The Acadian Pictorial Cookbook by Wayne Barrett is a wonderful collection of delightful Acadian recipes with colour photographs.
This well-presented book is filled with notable illustrations that quickly help to set the mood with regards to Acadian heritage. The cover alone (Church at Grand Pré and the statue of Evangeline) evokes conflicting feelings as a result of its breath-taking beauty. I simply must take the time here to commend Mr. Wayne Barrett on his photography.
There is a most interesting introduction in the book that was written by Dr. Barbara LeBlanc (former superintendent of the Grand Pré National Historic Site), current instructor at Université Sainte-Anne. I will attempt to outline the important aspects below.
The foods of the Acadians reflect a blend of traditional French eating patterns adapted to a foreign land and influenced by contact with Micmac and Malecite peoples.
Most Acadians in the Maritimes are descendants of farmers and labourers who came to the New World from central western France in the mid-seventeenth century. They began a new life in Acadie, where strong family ties and a common religion, language and ancestral tradition helped to create an independent, cohesive community.
The first group of Acadian settlers landed at La Have, Nova Scotia, in 1632. In 1636, they moved to Port Royal, and as the population grew, they began to settle farther up the Annapolis River and, by the end of the century, along the Bay of Fundy. Eventually, a group settled on Prince Edward Island. As a result of the Deportation (1755-1763), these Acadians lost their land and were scattered around the world.
Descendants of the Acadians who resettled in the Maritimes after 1763 can be found today in pockets along parts of the coastline of Nova Scotia, Prince Edward Island and New Brunswick. Acadian cuisine has not changed much over the centuries. Simplicity is STILL the main character.
In the early settlements, Roman Catholic religious restrictions partly dictated food consumption. Acadians abstained from meat for more than 150 days a year, and this, in addition to the abundance of seafood in the Maritimes, offers an explanation of fish, herring and cod in particular.
Contact with native peoples also influenced the Acadian diet. Corn, not used in Europe, became an ingredient for dishes such as corn chowder and cornmeal cake. Acadians probably learned hunting techniques from the Indians as well, bringing rabbit, moose and game birds to their tables.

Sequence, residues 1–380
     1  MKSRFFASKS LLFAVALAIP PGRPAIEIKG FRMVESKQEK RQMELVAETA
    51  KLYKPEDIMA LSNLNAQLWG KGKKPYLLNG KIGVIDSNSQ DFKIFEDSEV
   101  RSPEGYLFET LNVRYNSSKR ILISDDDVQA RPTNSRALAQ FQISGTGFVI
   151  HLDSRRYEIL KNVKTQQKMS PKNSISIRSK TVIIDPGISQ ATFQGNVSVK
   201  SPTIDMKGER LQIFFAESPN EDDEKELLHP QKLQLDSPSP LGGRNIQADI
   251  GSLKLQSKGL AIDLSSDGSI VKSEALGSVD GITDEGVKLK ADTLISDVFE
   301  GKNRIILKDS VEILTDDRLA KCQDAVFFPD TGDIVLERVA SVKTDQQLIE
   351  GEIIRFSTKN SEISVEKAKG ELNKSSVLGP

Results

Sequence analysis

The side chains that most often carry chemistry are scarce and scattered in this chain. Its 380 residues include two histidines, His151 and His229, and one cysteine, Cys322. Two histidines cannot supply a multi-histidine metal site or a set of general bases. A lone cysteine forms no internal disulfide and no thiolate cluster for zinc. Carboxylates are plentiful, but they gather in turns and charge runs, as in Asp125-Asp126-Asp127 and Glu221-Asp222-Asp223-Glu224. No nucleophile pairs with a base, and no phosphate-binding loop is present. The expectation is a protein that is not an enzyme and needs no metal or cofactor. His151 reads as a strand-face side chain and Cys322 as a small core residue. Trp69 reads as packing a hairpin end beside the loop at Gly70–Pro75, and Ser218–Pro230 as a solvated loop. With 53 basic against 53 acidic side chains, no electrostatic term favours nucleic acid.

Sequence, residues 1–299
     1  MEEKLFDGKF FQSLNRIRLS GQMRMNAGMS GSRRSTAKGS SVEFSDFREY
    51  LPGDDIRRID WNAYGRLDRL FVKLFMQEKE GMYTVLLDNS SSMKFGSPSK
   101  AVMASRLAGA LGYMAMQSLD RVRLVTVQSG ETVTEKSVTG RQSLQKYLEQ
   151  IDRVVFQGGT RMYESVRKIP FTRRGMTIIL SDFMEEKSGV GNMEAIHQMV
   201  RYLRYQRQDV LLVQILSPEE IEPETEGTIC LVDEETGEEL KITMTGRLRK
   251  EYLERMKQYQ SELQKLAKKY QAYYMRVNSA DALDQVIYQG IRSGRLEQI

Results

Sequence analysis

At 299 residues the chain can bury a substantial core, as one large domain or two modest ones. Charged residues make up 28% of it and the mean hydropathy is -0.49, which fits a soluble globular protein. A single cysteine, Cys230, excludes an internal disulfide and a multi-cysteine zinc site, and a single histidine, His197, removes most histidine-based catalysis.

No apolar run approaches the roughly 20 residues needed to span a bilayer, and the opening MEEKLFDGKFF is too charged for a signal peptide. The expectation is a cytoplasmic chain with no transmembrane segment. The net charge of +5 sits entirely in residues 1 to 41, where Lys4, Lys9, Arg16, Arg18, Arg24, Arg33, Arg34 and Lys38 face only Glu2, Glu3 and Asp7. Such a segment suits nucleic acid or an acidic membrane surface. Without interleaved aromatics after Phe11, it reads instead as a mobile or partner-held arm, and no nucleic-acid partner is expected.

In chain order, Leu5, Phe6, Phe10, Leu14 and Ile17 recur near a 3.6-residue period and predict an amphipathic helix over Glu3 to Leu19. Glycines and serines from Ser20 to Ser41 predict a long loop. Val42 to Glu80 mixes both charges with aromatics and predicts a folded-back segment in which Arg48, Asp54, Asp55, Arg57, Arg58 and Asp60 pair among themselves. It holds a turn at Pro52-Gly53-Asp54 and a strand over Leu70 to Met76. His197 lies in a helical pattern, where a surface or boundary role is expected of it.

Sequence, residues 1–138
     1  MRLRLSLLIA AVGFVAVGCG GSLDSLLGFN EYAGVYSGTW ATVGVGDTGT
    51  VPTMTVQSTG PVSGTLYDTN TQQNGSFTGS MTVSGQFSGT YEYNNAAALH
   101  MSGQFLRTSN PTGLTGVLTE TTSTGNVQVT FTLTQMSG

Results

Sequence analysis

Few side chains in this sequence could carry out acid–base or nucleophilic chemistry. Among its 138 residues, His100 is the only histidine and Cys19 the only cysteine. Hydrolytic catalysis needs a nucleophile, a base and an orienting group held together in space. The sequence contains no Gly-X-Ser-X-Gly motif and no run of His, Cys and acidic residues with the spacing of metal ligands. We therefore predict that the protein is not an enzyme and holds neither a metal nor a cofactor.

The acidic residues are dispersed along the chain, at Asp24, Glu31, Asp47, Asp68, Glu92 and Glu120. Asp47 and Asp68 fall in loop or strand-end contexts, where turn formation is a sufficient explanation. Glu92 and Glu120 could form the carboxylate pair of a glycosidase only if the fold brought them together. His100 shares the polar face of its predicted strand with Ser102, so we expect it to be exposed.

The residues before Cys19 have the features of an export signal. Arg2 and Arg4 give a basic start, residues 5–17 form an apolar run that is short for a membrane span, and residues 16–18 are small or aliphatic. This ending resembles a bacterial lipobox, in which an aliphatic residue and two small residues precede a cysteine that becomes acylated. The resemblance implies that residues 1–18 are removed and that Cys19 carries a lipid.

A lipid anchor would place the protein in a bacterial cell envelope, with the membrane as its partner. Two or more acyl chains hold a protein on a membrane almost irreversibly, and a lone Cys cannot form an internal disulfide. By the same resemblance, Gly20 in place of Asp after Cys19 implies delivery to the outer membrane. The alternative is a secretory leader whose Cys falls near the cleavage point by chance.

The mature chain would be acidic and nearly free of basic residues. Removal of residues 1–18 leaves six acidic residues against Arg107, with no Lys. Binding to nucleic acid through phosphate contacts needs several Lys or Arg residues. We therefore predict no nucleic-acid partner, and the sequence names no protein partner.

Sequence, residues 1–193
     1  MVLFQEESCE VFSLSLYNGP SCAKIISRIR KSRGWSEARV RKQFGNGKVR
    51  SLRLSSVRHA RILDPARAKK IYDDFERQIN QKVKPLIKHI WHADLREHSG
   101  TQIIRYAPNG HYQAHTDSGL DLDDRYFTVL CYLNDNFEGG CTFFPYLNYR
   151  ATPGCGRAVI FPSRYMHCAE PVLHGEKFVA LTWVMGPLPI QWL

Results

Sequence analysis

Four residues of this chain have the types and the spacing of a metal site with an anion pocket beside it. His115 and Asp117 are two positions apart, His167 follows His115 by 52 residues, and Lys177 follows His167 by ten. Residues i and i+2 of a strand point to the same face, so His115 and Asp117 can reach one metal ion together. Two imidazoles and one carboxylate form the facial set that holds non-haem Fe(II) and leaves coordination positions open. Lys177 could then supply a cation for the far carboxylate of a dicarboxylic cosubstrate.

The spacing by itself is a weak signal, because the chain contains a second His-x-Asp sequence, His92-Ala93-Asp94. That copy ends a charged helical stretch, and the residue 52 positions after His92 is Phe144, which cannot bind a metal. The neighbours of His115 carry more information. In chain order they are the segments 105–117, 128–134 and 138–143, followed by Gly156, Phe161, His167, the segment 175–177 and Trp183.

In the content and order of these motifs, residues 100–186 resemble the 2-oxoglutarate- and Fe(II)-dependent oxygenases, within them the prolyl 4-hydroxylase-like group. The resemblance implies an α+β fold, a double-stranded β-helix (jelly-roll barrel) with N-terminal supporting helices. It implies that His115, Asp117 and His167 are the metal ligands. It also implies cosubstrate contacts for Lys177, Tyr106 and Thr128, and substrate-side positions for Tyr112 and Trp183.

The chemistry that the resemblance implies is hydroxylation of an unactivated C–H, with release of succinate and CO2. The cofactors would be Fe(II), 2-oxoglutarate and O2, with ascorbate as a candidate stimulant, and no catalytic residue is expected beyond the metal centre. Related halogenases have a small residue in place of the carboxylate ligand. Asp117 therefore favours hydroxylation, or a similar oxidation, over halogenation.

Pork was one of the principal meats, along with some beef, mutton and chicken. The main vegetables included beans, corn, peas, carrots and onions. The most popular were cabbage and turnip, probably because these vegetables stored well over the winter. The potato was not part of the Acadian diet in the early period. Once it was introduced, however, it became a mainstay.
The Acadian settlers, mostly farmers and fishermen, led a less-sedentary existence than that of their descendants today, and hard physical chores necessitated hearty meals. Breakfast, for example, often consisted of foods such as blood pudding, baked beans, head cheese or leftovers from the previous evening's meal.
Grist mills supplied whole wheat, oats, buckwheat and barley. Acadians traded flour made from grains for molasses and sugar from the West Indies. Consequently, molasses became an important ingredient.
Journals written by visitors to Acadie in the seventeenth and eighteenth centuries refer to various drinks. French wine, home-brewed apple cider, spruce beer and fir beer, rum from the West Indies and milk accompanied meals. Milk was also left to thicken and sour, to serve with bread. Historical documents suggest as well that Acadians were the first to cultivate apple orchards. Cherries, pears and wild berries such as blueberries and blackberries were served fresh or used to make jams.
The recipes in the pictorial cookbook are but a sampling of the rich Acadian heritage in the Maritimes.
Recipes include: Head Cheese, Blood Pudding, Fish Cakes, Cabbage Soup, Split-Pea Soup, Mussel Stew, Corn-Chowder Bisque, Fish Chowder, French Acadian Soup, Vegetable Soup, Oyster Soup, Rabbit Fricassée, Rappie Pie, Tourtières, Partridge with Cabbage, Chicken Fricot, Acadian Meat Pie, Poutines Râpées, Boiled Ham, Restigouche Potpie, Seafood Casserole, Poached Cod, Clam Pie, Fried Smelts, Fried Eels, Salt Herring and Potatoes, Lobster Sauce, Egg Pancake, French Bread, Blueberry Muffins , Cornmeal Cake, Molasses Cake, Acadian Fruitcake, Vinegar Pie, Acadian Sugar Pie, Irish-Moss Blanc Mange, Poutines à Trou, Old Acadian Dessert, Jumbo Raisin Cookies, Ginger Cookies, Sucre à la Crème, La Tire, Apple Cider and Spruce Beer.